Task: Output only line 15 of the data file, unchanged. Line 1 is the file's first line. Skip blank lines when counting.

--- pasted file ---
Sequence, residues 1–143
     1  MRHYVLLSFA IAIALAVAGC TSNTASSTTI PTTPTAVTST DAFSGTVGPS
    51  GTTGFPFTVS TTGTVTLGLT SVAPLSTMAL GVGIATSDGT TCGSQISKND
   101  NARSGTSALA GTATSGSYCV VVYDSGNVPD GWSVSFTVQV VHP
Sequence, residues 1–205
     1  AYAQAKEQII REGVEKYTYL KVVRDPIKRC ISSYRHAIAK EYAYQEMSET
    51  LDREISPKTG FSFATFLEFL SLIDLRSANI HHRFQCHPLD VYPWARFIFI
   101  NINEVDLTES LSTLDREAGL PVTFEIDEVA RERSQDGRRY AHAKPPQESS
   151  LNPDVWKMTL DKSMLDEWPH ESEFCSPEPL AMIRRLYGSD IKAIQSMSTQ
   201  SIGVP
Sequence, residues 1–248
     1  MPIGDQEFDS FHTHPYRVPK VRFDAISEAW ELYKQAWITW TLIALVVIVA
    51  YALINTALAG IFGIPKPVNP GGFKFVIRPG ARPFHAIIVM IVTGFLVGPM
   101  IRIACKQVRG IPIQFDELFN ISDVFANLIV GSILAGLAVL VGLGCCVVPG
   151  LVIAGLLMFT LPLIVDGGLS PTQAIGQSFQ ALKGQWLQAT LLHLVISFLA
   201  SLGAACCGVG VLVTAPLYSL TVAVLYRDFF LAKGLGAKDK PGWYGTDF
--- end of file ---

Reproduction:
   151  LVIAGLLMFT LPLIVDGGLS PTQAIGQSFQ ALKGQWLQAT LLHLVISFLA